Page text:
Hey there, hardball fans! Spring Training is in full swing, and unfortunately, that means that it’s time for the injury bug to bite. Plenty of teams are adjusting on the fly as players go down with injuries both major and minor. This week’s edition of the Roster Report will focus on a couple of recent injuries that are opening up roster spaces across the league, especially one young player with a career just starting out. On the other end of the spectrum, an old friend returns to his old stomping grounds in an unexpected twist. All this and more in this edition of the Roster Report.
The New York Yankees sign SP Andy Pettitte to a $2.5MM minor-league deal.
Yeah, I’m not sure anyone saw this one coming. Fresh off the heels of adding two solid starters (Michael Pineda and Hiroki Kuroda) this off-season, the Yankees have gone ahead and added yet another starter. Surprisingly, Andy Pettitte has emerged from his retirement to pitch again for the Yankees, and one should imagine that the team wouldn’t ink Pettitte unless they planned to use him in the rotation. I’m sure the Bronx faithful are happy to see their old favorite back in the House That YES Built, and once he’s ready to pitch, he’ll slot right in for regular work every fifth day.
So why would the Yankees be in the market for another arm? Word on the
street blogosphere is that the Yankees are worried about Michael Pineda‘s Spring Training velocity. If Pineda is ineffective, or needs additional work in the minor leagues, the Yankees will have a pretty serious hole in their rotation. But don’t the Bombers already have Freddy Garcia waiting to take the last slot in the rotation if that were the case? The truth of the matter is, you can never have too much starting pitching depth. Considering how many times pitchers get banged up and have to miss time, there’s no reason not to add another starter. And Pettitte wasn’t too shabby in his last go-round with the Yankees, posting a 3.28 ERA and a 3.85 FIP. Garcia should be able to slide into a relief or swingman role if he’s not already in one when Pettitte comes back. As for Pineda, if he’s healthy and there’s no space in the rotation for Pettitte, Phil Hughes could probably move into the relief role where he had such success.
In the end, there’s very little downside to this deal for a team like the Yankees. Two and a half million dollars for a player likely to be an average-or-better starter, even for part of a season, is a good deal. If the Yankees have too many starters, well, that’s a problem most teams would like to have. I’d bet the Red Sox wish they could get a player of Pettitte’s caliber at that price.
Kansas City Royals C Salvador Perez is out for 3-4 months with a knee injury.
Fresh off the heels of an awesome new five-year contract, 21-year-old Royals catcher Salvador Perez is out. It appears that Perez will need surgery to repair a torn meniscus in his knee, and could miss anywhere from 12 to 14 weeks. A knee injury has to be especially rough on a catcher, but Perez was ready to prove his contract (and 2011 performance) were no fluke. Pena’s .331 average in limited action last season is an oft-sourced statistic, but he has the potential to play at an above-average level beyond just a decent batting average. With the injury and rehab time, one shouldn’t expect Perez to get too much development time, and this could turn out to be a lost year for the young backstop.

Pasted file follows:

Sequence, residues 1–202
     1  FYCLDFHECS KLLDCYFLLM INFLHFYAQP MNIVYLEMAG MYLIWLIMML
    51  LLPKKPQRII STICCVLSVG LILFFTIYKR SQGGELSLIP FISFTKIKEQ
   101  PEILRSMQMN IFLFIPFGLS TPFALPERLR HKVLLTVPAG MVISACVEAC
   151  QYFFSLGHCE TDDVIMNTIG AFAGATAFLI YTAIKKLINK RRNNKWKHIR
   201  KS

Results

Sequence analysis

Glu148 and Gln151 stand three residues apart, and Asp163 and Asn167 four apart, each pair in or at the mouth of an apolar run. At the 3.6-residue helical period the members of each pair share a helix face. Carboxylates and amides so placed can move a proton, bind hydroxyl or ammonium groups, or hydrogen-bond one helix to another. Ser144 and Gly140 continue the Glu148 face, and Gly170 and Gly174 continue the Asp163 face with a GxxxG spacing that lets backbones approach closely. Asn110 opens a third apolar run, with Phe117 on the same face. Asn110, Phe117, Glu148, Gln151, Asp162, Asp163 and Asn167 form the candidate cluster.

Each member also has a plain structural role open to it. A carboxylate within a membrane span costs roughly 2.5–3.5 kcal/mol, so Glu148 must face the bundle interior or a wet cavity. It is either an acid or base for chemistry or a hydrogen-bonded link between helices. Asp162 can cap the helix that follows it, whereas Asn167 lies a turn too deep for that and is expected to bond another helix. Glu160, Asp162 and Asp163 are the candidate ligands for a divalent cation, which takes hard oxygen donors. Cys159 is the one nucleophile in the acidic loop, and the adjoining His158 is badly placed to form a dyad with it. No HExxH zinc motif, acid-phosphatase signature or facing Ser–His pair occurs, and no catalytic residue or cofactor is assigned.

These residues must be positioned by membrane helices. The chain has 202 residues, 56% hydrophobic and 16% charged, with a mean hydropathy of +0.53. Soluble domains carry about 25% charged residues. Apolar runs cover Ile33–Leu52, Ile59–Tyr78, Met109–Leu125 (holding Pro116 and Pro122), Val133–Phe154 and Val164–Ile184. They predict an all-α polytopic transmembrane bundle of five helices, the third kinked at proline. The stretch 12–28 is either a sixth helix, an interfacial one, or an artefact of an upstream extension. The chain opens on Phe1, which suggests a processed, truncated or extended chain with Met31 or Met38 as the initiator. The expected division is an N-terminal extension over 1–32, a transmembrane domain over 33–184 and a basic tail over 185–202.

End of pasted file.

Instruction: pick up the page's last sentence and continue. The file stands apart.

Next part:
Brayan Pena is now the full-time catcher for the Royals, which is not good at all. Pena is below-average hitter, according to his career wRC+ of 71. No matter how good defensively Pena is, it won’t make up for his bad bat. There aren’t too many catchers available on the open market, though I hear Ivan Rodriguez could use a job. Pudge hasn’t been too effective recently, but would provide veteran leadership on a young Royals squad. The Royals have dreams of contending soon, and they’ll need every bit of help they can get to beat out the Tigers. There’s not a player in house that’s capable of taking on more responsibility behind the plate with Perez out, so adding a player through trade or free agency should now be a priority. Maybe Jorge Posada‘s ready to follow Pettitte’s lead and will be the next guy to come out of retirement?
- New York Mets third baseman David Wright has a minor abdominal tear, and while he says that he’ll be ready for Opening Day, never trust a DL estimate from the Mets. If Wright isn’t ready to go to start the season, one would probably expect Justin Turner to get most of the spots in Wright’s place. As for who might make the team on a temporary basis, I’d expect Josh Satin (or Zach Lutz) to get the call if Wright looks to miss extended time, but don’t overlook C/3B Lucas May either. May looked solid defensively in the Tigers-Mets Spring Training game, and he’s proved to be a reasonable hitter at the minor league level.
- Giancarlo Stanton of the Miami Marlins has some left knee inflamation, so he may miss some time but should be ready by April. If Stanton had to miss time, the Marlins are actually in pretty decent shape with Bryan Petersen. Not only is Petersen the star of an online webseries, but he’s also an underrated player. Petersen hits well (.334 wOBA) and showed solid defensive chops (5.6 UZR) in the outfield last season. But Stanton is one of the most exciting young hitters in baseball, and if he misses any time, the Marlins will suffer.